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Alternatives for ferry site

Hoboken releases study to support keeping maintenance venue off central waterfront

“Over my dead body,” said Hoboken Mayor Ravi Bhalla at a Nov. 13 press conference, regarding a ferry commuter company’s intent to put its maintenance facility on central waterfront land it bought in Hoboken a year ago. NY Waterway has been hoping to locate their ferry maintenance and refueling facility at the former Union Dry Dock site, which they purchased for $11.5 million in November of 2017, but the city of Hoboken wants the area to become a recreation site.

At the Nov. 13 press conference, Bhalla released the results of a study that ranks alternative sites where NY Waterway can house the operation.

NY Waterway’s ferries make hundreds of trips each day between Manhattan and the Hudson County waterfront. They said they want to move their repair and maintenance operations from Weehawken, where they are currently located, because Lennar Properties plans to develop the site into residences.

NY Waterway responded to the city’s new report in a press release on Nov. 13 , saying, “The announcement does not add anything new to the discussion.”

They added, “We remain confident that Union Dry Dock is the ideal location for our maintenance facility from the logistical and environmental viewpoint and look forward to the ACOE’s decision and future utilization of the site.”

ACOE refers to the Army Corps of Engineers, which is considering granting construction permits for Waterway to use the Union Dry Dock site. They decline only 1 percent of applications.


In March, Hoboken offered NY Waterway’s $11.6 million for the property, then moved to acquire the site by eminent domain.

NJ Transit then stepped in and said they would purchase the property and lease it back to NY Waterway as it is an integral part of transporting people to and from the city.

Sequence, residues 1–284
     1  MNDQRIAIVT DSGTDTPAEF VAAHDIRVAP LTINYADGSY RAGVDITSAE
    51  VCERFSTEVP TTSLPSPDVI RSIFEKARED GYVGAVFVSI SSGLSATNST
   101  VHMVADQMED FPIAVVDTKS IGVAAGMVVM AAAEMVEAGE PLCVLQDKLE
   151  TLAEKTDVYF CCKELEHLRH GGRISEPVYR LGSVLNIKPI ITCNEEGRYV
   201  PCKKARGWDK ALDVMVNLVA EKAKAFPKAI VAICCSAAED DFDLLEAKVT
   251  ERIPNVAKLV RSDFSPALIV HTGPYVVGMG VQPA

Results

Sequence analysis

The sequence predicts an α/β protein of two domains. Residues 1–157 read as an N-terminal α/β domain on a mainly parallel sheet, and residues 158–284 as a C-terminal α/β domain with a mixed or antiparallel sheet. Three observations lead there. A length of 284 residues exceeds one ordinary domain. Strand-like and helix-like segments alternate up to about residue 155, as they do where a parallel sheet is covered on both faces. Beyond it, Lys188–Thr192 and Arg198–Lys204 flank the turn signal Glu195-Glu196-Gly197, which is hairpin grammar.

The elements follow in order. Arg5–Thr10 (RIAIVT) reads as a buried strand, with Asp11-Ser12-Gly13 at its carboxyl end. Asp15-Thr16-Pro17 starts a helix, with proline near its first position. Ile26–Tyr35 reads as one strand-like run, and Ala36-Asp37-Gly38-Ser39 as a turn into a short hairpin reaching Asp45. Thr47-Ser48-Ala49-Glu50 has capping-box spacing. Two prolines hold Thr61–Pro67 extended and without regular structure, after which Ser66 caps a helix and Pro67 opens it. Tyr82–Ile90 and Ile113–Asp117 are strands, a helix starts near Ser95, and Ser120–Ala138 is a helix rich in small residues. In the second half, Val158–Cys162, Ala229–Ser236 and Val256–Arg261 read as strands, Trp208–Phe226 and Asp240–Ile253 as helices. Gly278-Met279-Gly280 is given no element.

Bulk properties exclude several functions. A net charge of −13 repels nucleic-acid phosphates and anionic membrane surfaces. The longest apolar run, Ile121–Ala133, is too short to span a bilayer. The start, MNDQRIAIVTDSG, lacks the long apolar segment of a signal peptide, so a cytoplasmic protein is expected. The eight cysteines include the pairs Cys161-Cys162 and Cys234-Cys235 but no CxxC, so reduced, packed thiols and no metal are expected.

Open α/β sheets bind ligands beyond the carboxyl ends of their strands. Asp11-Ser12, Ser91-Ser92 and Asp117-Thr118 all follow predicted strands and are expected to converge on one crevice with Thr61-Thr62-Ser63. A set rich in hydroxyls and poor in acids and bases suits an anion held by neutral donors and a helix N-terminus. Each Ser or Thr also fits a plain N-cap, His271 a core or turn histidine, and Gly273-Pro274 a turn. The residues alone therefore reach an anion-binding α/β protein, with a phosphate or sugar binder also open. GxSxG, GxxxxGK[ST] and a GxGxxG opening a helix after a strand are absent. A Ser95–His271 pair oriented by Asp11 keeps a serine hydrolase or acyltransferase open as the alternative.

The city then chose not to pursue eminent domain. But they are hoping to influence the company and state agencies with their report.

Hundreds of residents attended a U.S. Army Corps of Engineers hearing on July 18 concerning NY Waterway’s application, the majority of whom were Hoboken residents who spoke against it.

Potential alternatives

The engineering study, conducted by Boswell Engineering on behalf of the city, analyzed 24 sites south of the George Washington Bridge where the ferry facility could be located.

These sites were graded on capacity, use compatibility, accessibility, public safety, environmental constraints, cost, and future expansion.

Of the top five, Union Dry Dock places fourth. The top sites were Hoboken South at the Lackawanna Terminal in downtown Hoboken, followed by the Bayonne Peninsula in Bayonne, and then Binghamton Ferry in Edgewater in third place.

According to the study, Hoboken South is the number one location because of its compatibility with existing use, capacity, and “superior accessibility.”

“This report essentially identifies what NJ Transit itself confirmed in 2009, that Union Dry Dock is not the appropriate location for this use,” said Bhalla. “NY Waterway is not going to locate maintenance operations and refueling facilities at Union Dry Dock. It will not happen during this administration, over my dead body.”

Bhalla said that he wanted to be clear that this was not a “NIMBY” (Not in My Back Yard) issue as the city would welcome the facility at Hoboken South, owned by NJ Transit.

Bhalla noted that the city will use “any means available, any legal means necessary,” to ensure NY Waterway does not use Union Dry Dock as their maintenance site.

At the press conference, Hoboken resident Tina Hahn said,  “I can’t emphasize enough, South Hoboken is at no cost to NJ Transit.” She questioned why NJ Transit would spend $12 million to buy Dry Dock from Waterway if they can host the maintenance facility free at the existing Erie Lackawanna train terminal on the south waterfront.

Councilwoman Tiffanie Fisher said the top three choices are ideal options for NY Waterway.

“They’re either already existing transportation hubs or they’re commercial centers,” said Fisher. “Lackawanna terminal, rated first, is already one of the top transportation hubs in New Jersey, the Bayonne Peninsula, rated second, is positioned to be the next major hub and the Binghamton Ferry site, rated third, is effectively vacant, sits on a partial area near other New York Waterway operations and is already zone for a port.”

Bhalla said Gov. Phil Murphy wants to do the right thing but is under pressure from lobbyists to side with NY Waterway.

The mayor said he plans to meet with the governor soon to discuss the study and the city’s position.

To view the 24-page study click here.


Marilyn Baer can be reached at Marilynb@hudsonreporter.com or comment online at Hudsonreporter.com

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